Pediatrics (≤ 18 years of age)
In the absence of sufficient clinical experience, Propofol Injection is not recommended for anaesthesia in children less than 3 years of age (see Indications and Clinical Use and Dosage and Administration).
Geriatrics (> 65 years of age)
Elderly patients may be more sensitive to the effects of propofol injectable emulsion; therefore, the dosage of Propofol Injection should be reduced in these patients according to their condition and clinical response (see Dosage and Administration) and Detailed Pharmacology, Pharmacokinetics.
Frequencies of adverse events are reported as follows:
Very common (≥ 10%)
Common (≥ 1% - < 10%)
Uncommon (≥ 0.1% - < 1%)
Rare (≥ 0.01% - < 0.1%)
Very Rare (< 0.01%)
Adverse Drug Reaction Overview
Anaesthesia and Sedation for Surgical/Diagnostic Procedures
During induction of anaesthesia in clinical trials, hypotension and apnea occurred in the majority of patients. The incidence of apnea varied considerably, occurring in between 30 and 100% of patients depending upon premedication, speed of administration and dose (see Action and Clinical Pharmacology). Decreases in systolic and diastolic pressures ranged between 10 and 28%, but were more profound in the elderly and in ASA III and IV patients.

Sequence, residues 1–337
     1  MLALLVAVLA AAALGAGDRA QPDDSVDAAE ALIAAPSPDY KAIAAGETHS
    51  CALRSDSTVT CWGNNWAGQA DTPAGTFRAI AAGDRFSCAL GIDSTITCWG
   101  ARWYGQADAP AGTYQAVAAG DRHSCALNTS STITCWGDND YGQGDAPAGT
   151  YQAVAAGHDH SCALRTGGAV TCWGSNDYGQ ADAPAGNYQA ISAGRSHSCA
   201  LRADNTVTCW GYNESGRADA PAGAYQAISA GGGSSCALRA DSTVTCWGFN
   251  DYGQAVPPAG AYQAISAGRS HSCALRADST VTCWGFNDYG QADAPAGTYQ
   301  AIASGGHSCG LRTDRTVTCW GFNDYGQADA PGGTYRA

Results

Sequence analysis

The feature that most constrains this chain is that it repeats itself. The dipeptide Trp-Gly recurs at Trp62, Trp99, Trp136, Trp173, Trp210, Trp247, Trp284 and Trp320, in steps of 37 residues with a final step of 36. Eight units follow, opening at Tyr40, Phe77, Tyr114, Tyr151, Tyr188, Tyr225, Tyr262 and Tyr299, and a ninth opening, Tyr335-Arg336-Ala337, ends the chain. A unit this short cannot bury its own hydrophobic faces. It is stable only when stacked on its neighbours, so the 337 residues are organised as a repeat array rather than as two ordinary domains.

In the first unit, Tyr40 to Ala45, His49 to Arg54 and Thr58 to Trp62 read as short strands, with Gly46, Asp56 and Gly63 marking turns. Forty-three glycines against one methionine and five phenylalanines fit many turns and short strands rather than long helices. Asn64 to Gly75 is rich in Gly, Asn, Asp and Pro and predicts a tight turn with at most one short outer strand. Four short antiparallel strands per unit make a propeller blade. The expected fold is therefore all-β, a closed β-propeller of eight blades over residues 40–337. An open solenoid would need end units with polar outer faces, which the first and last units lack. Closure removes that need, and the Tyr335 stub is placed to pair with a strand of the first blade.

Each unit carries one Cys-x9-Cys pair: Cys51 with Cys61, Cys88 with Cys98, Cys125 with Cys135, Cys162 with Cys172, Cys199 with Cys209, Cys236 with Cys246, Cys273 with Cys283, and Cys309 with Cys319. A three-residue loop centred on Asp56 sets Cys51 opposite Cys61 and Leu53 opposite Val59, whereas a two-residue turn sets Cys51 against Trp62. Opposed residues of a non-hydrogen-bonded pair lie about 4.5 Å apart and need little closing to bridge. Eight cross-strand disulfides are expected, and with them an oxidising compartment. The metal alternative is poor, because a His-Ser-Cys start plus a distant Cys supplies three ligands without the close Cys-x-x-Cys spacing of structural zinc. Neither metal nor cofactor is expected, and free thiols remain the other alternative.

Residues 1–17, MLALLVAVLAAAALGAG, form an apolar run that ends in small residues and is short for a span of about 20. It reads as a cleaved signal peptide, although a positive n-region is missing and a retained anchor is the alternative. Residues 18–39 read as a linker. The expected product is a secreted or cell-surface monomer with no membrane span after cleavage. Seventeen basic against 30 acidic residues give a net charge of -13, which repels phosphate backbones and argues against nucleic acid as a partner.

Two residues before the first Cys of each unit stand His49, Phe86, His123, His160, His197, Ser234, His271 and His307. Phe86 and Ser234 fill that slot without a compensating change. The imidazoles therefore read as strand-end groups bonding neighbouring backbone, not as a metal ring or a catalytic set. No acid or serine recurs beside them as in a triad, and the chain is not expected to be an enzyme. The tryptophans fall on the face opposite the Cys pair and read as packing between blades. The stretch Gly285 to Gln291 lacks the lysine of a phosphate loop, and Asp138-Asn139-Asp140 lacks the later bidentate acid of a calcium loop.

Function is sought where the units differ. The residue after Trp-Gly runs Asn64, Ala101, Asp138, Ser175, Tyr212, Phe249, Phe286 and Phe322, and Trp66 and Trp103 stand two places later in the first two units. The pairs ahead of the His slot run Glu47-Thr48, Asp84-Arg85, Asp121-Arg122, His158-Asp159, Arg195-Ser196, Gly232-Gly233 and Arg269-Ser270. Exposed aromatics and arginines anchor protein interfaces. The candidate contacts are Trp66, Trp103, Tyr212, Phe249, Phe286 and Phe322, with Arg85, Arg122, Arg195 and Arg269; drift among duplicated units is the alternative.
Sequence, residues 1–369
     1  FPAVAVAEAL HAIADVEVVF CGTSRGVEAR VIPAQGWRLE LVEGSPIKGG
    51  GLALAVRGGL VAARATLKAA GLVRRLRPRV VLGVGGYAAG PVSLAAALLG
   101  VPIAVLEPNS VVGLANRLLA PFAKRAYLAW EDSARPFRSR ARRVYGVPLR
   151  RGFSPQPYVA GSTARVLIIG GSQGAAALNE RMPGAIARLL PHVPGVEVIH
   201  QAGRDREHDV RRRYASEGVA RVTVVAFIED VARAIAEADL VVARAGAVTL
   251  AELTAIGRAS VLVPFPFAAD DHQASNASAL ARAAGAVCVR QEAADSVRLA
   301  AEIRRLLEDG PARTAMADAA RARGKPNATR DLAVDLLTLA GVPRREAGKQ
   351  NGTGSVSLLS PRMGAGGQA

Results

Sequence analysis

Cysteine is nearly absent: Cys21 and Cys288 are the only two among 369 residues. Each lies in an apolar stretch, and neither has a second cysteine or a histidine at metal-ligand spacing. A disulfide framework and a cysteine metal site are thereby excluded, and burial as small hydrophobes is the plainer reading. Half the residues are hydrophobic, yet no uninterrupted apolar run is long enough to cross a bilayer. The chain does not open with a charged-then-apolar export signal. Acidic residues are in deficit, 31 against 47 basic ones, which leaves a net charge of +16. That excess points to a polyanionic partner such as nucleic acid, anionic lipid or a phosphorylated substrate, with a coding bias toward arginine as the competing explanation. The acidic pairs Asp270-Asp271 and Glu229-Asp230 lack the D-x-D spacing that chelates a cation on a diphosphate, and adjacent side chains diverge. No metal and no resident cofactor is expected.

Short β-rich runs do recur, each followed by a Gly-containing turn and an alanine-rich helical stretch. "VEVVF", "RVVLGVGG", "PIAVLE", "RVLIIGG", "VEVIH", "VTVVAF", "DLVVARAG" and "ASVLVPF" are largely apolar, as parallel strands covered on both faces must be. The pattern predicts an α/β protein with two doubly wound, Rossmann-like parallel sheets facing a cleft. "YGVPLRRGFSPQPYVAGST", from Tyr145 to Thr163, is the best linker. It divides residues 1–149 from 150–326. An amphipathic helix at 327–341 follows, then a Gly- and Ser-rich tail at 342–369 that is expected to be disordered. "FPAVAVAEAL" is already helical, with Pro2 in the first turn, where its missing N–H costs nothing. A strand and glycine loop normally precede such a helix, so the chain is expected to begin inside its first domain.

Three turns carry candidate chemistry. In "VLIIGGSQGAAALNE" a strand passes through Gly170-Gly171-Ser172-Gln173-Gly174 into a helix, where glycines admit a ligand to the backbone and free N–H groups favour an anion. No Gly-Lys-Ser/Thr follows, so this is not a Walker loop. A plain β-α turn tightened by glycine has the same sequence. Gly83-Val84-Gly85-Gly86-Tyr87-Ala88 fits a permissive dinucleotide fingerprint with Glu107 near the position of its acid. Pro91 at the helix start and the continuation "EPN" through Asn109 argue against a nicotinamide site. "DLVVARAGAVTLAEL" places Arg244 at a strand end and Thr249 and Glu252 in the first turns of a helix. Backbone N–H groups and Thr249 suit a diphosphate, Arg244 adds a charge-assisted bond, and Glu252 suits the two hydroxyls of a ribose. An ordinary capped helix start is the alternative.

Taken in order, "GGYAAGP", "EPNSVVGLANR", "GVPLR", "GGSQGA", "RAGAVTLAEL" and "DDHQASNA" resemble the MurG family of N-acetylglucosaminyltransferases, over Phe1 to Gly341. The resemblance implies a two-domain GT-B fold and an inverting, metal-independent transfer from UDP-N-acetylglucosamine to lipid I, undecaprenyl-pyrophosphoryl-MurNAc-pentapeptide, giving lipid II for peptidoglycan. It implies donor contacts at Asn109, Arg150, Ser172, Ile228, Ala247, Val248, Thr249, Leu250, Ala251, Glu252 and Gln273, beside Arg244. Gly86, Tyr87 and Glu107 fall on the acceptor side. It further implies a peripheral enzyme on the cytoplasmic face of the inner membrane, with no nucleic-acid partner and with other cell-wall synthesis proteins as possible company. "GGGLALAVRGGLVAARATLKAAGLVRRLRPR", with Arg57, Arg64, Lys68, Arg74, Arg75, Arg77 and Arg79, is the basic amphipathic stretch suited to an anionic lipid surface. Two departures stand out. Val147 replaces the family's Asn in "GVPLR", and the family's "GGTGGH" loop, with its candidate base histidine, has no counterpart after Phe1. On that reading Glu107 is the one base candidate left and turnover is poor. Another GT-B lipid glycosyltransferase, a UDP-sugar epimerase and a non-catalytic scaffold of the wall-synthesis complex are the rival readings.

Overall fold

Excitatory phenomena occurred in up to 14% of adult patients and in 33 to 90% of pediatric patients; they consisted most frequently of spontaneous musculoskeletal movements and twitching and jerking of the hands, arms, feet or legs. Epileptiform movements including convulsions and opisthotonus have occurred rarely, but a causal relationship with propofol injectable emulsion has not been established. A feeling of euphoria occurred rarely in patients.
Flushing and rash have occurred in 10 to 25% of pediatric patients. Local pain occurred during intravenous injection of propofol injectable emulsion at an incidence of 28% when veins of the dorsum of the hand were used and 5% when the larger veins of the forearm and the antecubital fossa were used. Propofol injectable emulsion increased plasma glucose concentrations significantly, but no other significant changes in hematological or biochemical values were observed.